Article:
MEET CARRIE ELKIN

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MEET CARRIE ELKIN - Carrie Elkin Talks About The Penny Collector and Her Music

After a six-year hiatus from solo recording, Carrie Elkin released The Penny Collector, her seventh solo album. Musically, the album is a bridge between Americana/Roots music and a Folk heritage. The Indie sensibilities give the album its own sound, blending the styles without making a new hybrid. Rather than The Penny Collector branding its music, the recording releases Carrie Elkin from formal structure, letting her ideas, influences and muse all come together with the songs. Carrie Elkin took time from touring in support of The Penny Collector to talk about the album, its background, and its future.

The Alternate Root (TAR): Americana gives artists the ability to engage in sound. While there is no name for it, it is basically a lack of structure, removing everything from musical traditions. Is it easy or hard to let go of that structure?

Carrie Elkin (CE):    It to me was like the most natural record I’ve ever written for myself, so I think for me it was easier. I think it’s harder for my publicist! Americana, Folk, Roots, like this long list of influences and what it may or may not sound like because people want to grasp on to something, so that part is harder, but for me, the writing was the most natural writing I’ve ever done. I’ve always written from a personal place. That’s just what I gravitate toward and what resonates with me. Someone could say, “Oh, write a ghost story!” and I can’t just write a ghost story -- like, what? How do I do that?!?! So, I feel like, for me, it was easier in the sense that -- the record is just so raw to me, and so personal, and I think a lot of it is, it’s just life recycled stuff.

TAR: It’s very vivid. Does having a child give you more responsibility to be clearer in your songwriting?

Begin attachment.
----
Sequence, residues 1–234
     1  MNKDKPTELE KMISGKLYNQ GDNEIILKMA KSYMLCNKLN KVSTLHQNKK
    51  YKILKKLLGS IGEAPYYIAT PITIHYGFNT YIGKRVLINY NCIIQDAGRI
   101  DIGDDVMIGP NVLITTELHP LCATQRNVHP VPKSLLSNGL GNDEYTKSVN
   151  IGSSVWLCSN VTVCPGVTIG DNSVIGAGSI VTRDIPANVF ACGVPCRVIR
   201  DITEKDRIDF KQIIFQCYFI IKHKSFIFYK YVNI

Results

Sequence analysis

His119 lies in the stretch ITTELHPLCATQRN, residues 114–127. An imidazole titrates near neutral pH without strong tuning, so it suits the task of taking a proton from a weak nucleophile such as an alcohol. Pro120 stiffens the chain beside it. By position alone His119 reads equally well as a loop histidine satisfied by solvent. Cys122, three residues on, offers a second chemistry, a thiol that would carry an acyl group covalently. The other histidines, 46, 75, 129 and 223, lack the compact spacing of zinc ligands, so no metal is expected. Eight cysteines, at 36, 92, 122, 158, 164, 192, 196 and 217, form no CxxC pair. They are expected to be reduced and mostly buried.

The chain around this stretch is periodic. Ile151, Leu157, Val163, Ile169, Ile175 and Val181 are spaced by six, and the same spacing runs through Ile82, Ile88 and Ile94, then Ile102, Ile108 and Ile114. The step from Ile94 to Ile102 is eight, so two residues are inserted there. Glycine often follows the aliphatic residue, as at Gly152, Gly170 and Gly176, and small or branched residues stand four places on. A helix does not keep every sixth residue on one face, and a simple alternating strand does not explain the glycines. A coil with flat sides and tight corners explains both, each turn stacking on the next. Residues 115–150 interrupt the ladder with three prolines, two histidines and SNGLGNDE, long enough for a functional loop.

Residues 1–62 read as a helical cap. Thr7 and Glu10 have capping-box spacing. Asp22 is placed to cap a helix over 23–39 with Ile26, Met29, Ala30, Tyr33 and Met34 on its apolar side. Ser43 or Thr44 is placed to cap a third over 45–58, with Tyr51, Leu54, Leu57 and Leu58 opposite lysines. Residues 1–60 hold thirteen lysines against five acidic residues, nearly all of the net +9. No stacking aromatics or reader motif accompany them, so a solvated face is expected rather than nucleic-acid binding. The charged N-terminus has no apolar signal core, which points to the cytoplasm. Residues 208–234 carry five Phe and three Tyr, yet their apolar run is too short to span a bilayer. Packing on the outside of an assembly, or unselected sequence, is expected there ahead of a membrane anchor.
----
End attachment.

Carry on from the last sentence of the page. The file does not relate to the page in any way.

CE: Yes. Yes, it does.

TAR: “Live Wire,” is a how-to-guide from a parent to a child about taking chances, counsel about facing fear. I was just wondering whether it really strips away your ability to be more obtuse, and to leave answers unanswered. It is very specific.

CE: I think going through the experience with losing my dad, and thinking back on the way he raised me, and then when I went to New Mexico, which is where I went to write the record. I was driving to New Mexico to go grieve my dad and write this record. I found out we were pregnant on the drive there. All of these songs are influenced by that life cycle and by thinking about the way my dad raised me, which I never actually put that much thought into, mostly because it was a good upbringing. I think we put a lot of thought into our ce2upbringing, and how we are a little bit messed up. It’s our way to sort of blame our parents for all the things that are wrong with us, but he actually did a really amazing job, which I never really thought about it. And once I lost him, I realized that, first of all, he continued to parent even into my -- I don’t want to say old age -- but older age. He was always parenting me, which I never really realized. I was calling him for advice all the time, and didn’t realize until he wasn’t here. I think that the album was just sort of writing about those things that he gave to me when I finally took the time to pay attention to it, and realizing that I also want to give those things to my daughter. I hope that I can be half the parent that he was.

TAR: You have extreme examples. Grieving is extremely isolating but we expect everybody to understand what we have experienced whereas the birth of a child is so universally inclusive yet you want to keep that ownership to yourself.

CE: Right. That is so true. Yeah, that’s funny. It is SO isolating. I’ve tried to be really open about everything with my dad, wrote part of the blog about it, just really did a lot of writing, I was writing letters to him when I was just really missing him. And that ended up becoming a blog that I kept about him, but it is -- I felt like I needed to isolate to grieve him, and then I was just in this weird space. Like the intersection of joy and grief. And tried to figure out how to get those two emotions together, and that’s where the record comes from.

TAR: There is such a worldly voice behind the characters, behind the songs, and it shows more depth in your songwriting.